The Principle of Double Effect (PDE) traditionally has had two related functions: the primary function has been to explain why an action which apparently contravenes some absolute moral principle is after all not wrong; and the secondary function to provide a kind of test matrix into which any permissible action must fit, and hence to offer a decision procedure for dealing with complex cases. PDE, occurring perhaps only once in the writings of Aquinas,1 associated with the Jesuit casuists in Louvain and lambasted by Pascal, is still a source of controversy.
KeywordsEctopic Pregnancy Moral Quality Practical Wisdom Double Effect Individual Piece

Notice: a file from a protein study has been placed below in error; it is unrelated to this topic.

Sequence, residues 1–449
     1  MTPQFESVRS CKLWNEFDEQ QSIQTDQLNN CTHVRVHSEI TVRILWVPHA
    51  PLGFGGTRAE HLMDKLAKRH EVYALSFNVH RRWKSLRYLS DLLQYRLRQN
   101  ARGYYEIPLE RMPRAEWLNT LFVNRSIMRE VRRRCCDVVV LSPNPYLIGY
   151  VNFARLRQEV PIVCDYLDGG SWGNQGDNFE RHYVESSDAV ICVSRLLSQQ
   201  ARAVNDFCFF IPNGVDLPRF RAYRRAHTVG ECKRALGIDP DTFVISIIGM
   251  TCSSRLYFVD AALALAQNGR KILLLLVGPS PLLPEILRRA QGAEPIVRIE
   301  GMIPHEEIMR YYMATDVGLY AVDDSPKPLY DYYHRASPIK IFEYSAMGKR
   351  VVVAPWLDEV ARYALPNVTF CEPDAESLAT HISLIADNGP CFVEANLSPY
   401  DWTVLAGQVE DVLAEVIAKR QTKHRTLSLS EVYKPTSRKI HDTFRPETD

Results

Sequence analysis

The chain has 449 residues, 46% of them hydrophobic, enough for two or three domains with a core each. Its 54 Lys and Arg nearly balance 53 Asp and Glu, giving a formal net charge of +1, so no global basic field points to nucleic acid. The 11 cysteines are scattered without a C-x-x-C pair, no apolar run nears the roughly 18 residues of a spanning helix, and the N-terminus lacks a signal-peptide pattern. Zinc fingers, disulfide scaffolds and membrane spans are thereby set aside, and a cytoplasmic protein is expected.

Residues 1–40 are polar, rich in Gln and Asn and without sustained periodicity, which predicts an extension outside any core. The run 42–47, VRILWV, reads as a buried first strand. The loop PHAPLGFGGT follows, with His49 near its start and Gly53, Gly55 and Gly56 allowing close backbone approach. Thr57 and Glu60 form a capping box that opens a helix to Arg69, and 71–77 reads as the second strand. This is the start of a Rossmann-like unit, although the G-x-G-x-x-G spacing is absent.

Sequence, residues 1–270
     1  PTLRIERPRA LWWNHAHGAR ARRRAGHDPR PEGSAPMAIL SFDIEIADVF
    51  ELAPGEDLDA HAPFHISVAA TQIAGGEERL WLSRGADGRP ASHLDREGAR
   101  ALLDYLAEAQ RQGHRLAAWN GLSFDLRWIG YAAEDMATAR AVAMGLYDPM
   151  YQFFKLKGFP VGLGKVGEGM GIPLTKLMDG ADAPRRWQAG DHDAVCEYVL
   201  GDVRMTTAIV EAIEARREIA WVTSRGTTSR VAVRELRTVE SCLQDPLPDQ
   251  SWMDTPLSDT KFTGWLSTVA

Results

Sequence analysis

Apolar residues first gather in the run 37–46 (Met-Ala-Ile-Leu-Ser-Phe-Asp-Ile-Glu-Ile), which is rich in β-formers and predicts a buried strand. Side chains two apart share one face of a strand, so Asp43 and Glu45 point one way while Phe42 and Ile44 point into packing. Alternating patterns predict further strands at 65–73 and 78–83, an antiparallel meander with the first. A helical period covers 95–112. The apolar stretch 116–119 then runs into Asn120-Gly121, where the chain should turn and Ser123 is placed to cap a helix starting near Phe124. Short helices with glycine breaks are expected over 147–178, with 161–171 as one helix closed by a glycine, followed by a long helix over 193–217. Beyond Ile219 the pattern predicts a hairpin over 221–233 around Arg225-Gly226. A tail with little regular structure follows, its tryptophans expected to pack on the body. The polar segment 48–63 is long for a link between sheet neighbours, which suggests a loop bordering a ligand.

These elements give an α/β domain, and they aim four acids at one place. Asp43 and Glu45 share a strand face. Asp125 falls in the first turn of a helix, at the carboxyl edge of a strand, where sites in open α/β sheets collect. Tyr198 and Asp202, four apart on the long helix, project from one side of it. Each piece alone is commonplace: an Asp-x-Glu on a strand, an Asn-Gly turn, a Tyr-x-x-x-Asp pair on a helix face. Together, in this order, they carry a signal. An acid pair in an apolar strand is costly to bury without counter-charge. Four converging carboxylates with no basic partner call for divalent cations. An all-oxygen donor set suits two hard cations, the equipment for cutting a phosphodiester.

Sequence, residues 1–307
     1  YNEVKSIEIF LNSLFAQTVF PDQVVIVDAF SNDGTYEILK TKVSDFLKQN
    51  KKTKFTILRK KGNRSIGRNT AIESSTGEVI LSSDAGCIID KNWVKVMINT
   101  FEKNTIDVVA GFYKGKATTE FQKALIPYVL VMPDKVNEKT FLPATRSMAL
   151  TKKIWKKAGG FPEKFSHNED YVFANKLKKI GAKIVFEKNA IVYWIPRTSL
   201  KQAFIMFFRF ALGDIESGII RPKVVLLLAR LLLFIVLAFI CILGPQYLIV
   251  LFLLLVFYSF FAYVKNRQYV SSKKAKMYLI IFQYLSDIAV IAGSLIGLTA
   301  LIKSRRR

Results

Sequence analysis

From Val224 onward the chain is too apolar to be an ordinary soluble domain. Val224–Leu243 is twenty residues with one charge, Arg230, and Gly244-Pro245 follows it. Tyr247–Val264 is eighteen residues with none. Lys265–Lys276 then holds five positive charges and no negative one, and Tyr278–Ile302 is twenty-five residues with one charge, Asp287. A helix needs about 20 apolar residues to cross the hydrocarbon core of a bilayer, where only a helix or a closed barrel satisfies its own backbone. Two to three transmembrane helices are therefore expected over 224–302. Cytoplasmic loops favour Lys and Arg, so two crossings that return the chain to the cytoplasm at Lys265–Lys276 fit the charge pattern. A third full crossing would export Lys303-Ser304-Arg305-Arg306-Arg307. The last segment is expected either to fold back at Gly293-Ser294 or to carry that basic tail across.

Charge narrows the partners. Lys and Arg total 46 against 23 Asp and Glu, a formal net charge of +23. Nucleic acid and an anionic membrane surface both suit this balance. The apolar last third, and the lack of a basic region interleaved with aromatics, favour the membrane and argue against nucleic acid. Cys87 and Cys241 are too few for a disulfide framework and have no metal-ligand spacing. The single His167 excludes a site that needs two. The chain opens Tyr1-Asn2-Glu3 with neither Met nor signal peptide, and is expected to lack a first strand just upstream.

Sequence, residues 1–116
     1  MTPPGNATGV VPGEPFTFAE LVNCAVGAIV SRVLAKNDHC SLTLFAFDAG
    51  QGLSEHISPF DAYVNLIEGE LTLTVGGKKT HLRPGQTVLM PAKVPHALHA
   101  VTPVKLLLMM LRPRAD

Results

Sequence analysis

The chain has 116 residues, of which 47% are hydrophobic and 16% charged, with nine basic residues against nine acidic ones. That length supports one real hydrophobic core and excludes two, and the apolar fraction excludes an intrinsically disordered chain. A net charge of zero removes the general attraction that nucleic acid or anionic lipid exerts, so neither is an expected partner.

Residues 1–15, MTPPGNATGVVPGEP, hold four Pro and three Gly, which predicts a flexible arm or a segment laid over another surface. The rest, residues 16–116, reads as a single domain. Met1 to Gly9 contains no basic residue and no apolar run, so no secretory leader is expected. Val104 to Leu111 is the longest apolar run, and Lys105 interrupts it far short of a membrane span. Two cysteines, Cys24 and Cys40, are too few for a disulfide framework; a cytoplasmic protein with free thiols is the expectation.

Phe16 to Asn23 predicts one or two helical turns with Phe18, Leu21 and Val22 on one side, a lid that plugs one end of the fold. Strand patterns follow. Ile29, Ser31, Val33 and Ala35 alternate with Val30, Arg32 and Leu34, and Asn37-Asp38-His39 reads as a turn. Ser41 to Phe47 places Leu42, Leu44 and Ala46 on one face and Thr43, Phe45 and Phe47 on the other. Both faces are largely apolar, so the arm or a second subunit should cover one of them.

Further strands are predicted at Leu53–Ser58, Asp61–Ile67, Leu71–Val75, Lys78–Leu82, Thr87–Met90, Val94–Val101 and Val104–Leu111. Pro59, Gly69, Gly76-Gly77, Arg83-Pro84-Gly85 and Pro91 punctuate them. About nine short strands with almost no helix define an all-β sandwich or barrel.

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- 2.Sophie Botros, ‘An Error about the Doctrine of Double Effect’, Philosophy 74 (1999): 71–83. She cites J.T. Mangan in Theological Studies 10 (1949): 41–61. Also Timothy Chappell, ‘Two Distinctions that Do Make a Difference: The Action/Omission Distinction and the Principle of Double Effect’, Philosophy 77 (2002): 211–33.Google Scholar
- 9.H. Davis, S.J., Moral and Pastoral Theology, Vol. II (London: Sheed and Ward, 1946): 144. For lying, see 413–14.Google Scholar
- 10.The American Law Institute, in Restatement of the Law of Torts (Philadelphia, 1934), Vol. I: 8.Google Scholar
- 13.Chappell, op. cit: 224–7. In his contribution to this book, Chappell suggests that the crucial test is one of ‘normal causal separability’. I regard this, too, as unsatisfactory. As I shall argue, what one might claim to be doing in other circumstances (let us say, ‘normal’ circumstances) is beside the point. The question is what one can properly be said to be doing in the circumstances obtaining at the time. Chappell concedes that there is a problem about the relevant description.Google Scholar